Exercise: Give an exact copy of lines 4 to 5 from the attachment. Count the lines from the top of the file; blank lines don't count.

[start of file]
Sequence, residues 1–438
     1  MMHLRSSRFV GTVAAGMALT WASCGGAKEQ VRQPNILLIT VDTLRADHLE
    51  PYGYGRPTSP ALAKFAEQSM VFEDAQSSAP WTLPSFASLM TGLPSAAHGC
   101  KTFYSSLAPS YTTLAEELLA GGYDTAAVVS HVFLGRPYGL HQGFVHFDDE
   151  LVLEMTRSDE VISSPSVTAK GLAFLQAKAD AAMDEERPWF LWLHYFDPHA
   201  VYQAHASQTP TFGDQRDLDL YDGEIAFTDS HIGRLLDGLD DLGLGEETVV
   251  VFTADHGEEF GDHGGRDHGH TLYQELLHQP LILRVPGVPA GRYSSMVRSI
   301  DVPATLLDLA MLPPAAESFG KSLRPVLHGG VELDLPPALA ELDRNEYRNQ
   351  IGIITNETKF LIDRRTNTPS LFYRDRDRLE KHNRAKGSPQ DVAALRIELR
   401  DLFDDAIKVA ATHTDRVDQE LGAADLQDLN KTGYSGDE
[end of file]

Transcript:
   101  KTFYSSLAPS YTTLAEELLA GGYDTAAVVS HVFLGRPYGL HQGFVHFDDE
   151  LVLEMTRSDE VISSPSVTAK GLAFLQAKAD AAMDEERPWF LWLHYFDPHA